Are there are too many literary agencies?
All other sectors of the industry have consolidated in response to digital disruption—publishers, booksellers, wholesalers and public relations agencies—and yet there are still more than 300 agencies listed in The Writers’ & Artists’ Yearbook 2015.
Why? We are in a period of transition. Older agents are handing over to the next generation (or not, in some cases) and some mergers have occurred, such as Curtis Brown with Conville & Walsh, and United Agents with A P Watt. But any business analyst must look at our sector and scratch their head. So many agents in small operations with no direct facility to sell foreign rights, film/TV rights or produce anything, and yet they still represent some of this country’s most successful and popular writers?
Some old-school agents have traditionally relied on the following factors to keep their clients:
● Fear. Authors have grown up with their agent and don’t know what else is out there, which leads to . . .
● Loyalty. If I sold X thousand copies with this agent, why fix what ain’t broke? It is better to be a . . .
● Big fish in a small pond than to be swallowed up by the large ocean of a big agency (besides, my agent is godmother to my child).
Exactly the wrong reasons to have an agent.
I believe that the lack of changes in our industry will leave many authors exposed. I would say this, wouldn’t I? Well, I’m not actually criticising any one agent, or the notion of small agencies—but my industry as a whole.
I have not yet met an agent who doesn’t feel that it is a privilege to be doing what we do. Agents, by and large, have the focus of a zealot and the drive of a speeding truck. There are some innovations coming from agencies of all sizes—e-book publishing programmes, in-house PR, speakers’ agencies, literary prizes, and offices opening in India and Africa. One agency, Lutyens & Rubenstein, owns a bookshop (fabulous, too). There are agents who have driven the success of their clients by sheer willpower and who exploit the rights with brilliance and passion.
Where I think our industry falls down is the fear of participation. We need to be part of the deal, not just negotiating it. We need to be in partnership with the talent we believe in and create opportunities in every media for them. This is not simply being on their side when we broker the complex relationships with publisher and producer, but driving the deal as a partner, a stakeholder in our clients’ success. There are many ways to structure a deal and many ways of being a literary agent. At Curtis Brown, we have developed a successful agency-run creative writing course, a book group, a digital publishing facility and a television and film production company (Cuba Pictures).
Putting aside any quandaries about conflict of interest—there is rarely a conflict if the deal is fair and advantageous to the creator—our clients are more vulnerable if we can only sell them a set of relationships and industry practice. They need to be at the heart of production.
A writer of every kind deserves choice and the agent must provide this, either directly or indirectly. In other words, we either find them the right partner or directly provide the platform they require. Not every agency can have its own merchandising department or voiceover specialist, but we must sure as hell know someone who does.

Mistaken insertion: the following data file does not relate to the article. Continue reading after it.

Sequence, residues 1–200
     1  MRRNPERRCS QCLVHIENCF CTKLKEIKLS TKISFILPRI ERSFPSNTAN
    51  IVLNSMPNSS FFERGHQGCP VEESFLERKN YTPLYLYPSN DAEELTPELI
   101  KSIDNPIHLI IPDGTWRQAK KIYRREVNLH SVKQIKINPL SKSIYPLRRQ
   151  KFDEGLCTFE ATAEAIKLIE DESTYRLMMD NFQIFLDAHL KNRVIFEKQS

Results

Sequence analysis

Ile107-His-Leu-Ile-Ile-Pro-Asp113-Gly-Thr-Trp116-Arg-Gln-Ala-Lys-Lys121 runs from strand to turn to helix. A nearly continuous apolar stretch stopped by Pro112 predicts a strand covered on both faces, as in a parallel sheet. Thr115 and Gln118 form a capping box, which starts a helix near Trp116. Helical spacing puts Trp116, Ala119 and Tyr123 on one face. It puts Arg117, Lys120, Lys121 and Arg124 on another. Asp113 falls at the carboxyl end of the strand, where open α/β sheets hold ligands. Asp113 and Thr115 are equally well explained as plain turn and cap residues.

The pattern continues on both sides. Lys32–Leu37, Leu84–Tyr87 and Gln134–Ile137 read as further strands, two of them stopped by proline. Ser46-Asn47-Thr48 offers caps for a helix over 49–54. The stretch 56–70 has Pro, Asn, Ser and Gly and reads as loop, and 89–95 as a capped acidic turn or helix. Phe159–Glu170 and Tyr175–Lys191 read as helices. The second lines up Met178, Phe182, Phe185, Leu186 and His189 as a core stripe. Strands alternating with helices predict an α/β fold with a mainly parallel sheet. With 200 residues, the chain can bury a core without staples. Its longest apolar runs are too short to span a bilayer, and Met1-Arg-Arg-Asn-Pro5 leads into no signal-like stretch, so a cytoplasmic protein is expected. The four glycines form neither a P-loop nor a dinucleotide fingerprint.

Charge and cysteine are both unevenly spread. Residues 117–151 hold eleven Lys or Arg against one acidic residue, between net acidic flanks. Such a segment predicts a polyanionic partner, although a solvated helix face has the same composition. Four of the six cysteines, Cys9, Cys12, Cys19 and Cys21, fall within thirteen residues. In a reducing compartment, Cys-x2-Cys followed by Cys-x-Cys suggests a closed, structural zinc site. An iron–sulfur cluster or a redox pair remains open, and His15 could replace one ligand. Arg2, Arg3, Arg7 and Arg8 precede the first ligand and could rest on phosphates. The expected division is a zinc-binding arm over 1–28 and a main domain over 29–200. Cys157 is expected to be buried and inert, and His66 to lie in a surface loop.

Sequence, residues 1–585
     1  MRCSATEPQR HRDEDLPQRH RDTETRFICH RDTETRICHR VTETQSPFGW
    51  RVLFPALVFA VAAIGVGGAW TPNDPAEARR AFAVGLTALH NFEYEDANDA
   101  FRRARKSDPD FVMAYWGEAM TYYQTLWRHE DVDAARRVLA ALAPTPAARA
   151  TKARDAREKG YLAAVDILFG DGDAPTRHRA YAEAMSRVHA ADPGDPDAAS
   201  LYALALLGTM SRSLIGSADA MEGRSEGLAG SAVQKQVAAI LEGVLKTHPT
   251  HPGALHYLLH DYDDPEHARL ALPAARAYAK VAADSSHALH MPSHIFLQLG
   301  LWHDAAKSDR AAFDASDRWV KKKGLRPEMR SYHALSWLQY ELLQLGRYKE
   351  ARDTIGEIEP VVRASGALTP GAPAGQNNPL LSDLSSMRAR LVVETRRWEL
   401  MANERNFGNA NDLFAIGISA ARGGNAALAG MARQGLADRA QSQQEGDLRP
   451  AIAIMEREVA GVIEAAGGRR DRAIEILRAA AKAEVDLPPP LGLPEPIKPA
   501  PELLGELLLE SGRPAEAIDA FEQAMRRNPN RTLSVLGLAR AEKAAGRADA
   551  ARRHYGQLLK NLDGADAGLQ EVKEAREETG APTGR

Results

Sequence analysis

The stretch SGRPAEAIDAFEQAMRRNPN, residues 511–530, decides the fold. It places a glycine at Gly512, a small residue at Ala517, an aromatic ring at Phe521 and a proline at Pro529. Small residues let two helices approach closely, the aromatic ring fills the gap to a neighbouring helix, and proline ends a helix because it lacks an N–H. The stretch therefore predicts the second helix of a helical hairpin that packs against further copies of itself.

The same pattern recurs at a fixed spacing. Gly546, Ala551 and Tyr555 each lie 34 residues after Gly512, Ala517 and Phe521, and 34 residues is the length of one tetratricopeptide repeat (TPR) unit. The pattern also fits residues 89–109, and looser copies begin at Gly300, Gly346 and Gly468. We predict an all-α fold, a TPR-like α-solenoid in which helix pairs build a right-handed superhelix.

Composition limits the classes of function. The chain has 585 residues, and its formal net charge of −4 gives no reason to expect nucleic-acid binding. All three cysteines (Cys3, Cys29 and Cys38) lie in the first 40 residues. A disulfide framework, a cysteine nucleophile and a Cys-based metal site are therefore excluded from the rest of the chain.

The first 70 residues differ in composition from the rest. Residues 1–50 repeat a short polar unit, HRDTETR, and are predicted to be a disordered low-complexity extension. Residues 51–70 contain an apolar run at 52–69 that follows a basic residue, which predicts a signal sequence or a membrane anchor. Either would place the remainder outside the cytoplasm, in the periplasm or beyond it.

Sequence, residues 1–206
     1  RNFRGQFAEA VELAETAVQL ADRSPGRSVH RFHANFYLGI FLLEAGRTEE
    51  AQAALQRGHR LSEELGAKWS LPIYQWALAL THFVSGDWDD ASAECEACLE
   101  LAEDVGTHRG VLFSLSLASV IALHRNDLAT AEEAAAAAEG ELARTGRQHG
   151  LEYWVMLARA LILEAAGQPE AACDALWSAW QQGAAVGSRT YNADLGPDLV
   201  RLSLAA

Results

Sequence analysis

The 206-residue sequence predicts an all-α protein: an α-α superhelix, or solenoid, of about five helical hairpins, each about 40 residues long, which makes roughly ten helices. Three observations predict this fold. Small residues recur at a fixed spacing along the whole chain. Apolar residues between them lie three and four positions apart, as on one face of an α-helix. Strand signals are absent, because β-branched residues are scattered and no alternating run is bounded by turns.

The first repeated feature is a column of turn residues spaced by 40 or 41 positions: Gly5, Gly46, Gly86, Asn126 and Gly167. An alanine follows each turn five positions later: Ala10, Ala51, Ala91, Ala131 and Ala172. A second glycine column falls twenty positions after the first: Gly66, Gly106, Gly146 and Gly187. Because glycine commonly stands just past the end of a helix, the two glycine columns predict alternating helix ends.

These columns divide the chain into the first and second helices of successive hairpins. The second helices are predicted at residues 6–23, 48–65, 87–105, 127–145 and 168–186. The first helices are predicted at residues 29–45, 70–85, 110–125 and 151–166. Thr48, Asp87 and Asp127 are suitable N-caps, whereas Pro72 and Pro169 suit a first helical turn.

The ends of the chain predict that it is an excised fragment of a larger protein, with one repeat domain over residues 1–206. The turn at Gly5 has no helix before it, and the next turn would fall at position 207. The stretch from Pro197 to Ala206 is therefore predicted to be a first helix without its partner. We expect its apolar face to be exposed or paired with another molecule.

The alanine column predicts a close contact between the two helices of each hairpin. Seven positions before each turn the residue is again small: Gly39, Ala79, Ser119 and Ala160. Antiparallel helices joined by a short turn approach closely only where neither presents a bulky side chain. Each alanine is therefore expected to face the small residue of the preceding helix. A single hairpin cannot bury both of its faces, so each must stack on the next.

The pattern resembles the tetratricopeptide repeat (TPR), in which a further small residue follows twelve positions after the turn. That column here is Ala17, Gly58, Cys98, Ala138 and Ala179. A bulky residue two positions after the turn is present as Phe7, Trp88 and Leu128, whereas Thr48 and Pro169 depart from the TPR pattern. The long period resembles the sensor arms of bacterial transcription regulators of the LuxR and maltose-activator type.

Fundamentally, the landscape of hundreds of small operations is not efficient for the author. For example, an agency with direct access to screenwriters, directors and actors can “package” a project for a broadcaster/studio.
Packaging brings greater control and artistic freedom to the author from the moment of inception. Susanna Clarke was therefore able to license the rights that she was comfortable with and have a greater say in the selection of collaborators for the adaptation of Jonathan Strange and Mr Norrell in her deal with Cuba Pictures than in her preceding deal, with production company Studio. (“Jonathan Strange and Mr Norrell” will be broadcast over seven hours on BBC1, this spring).
The process at the moment is flawed. We negotiate options with a third-party production company which then comes back to us to hire the screenwriter or director. It then passes this package onto the broadcaster, which hopes the talent remains attached for the lengthy period of the option. Cuba was able to produce a time-sensitive original drama—”Coalition” (Channel 4, airing in March) about the five days of shuttle diplomacy involved in the formation of the Cameron/Clegg cabinet in May 2010—in no time at all, because we had access to the key components: the writer, director and broadcaster.
In the US, agencies have been packaging for years, separated by having agencies and management companies that take fees on every aspect of the process. In the UK, we are able to do it in one place—the agency—and therefore be more efficient.
Frankly, the agency business has not changed in a century: agent as broker, only as good as their clients and their reputation. Fine. But there is so much more to the business. Many small and large agencies are aware of this and are responding with new ways of adding value to their services. But not enough are exploring the notions of what a literary agent is.
We have huge potential as an industry to build a global platform, but we need agencies that can bring together their talent to produce something commercially viable, while giving control to the creator. In order to do this we need more agents to think about the whole picture and come together in ways that will benefit authors and creative talent.
We agents need to join forces to build the next generation of talent in this country. The authors deserve nothing less.
Jonny Geller is joint c.e.o. of Curtis Brown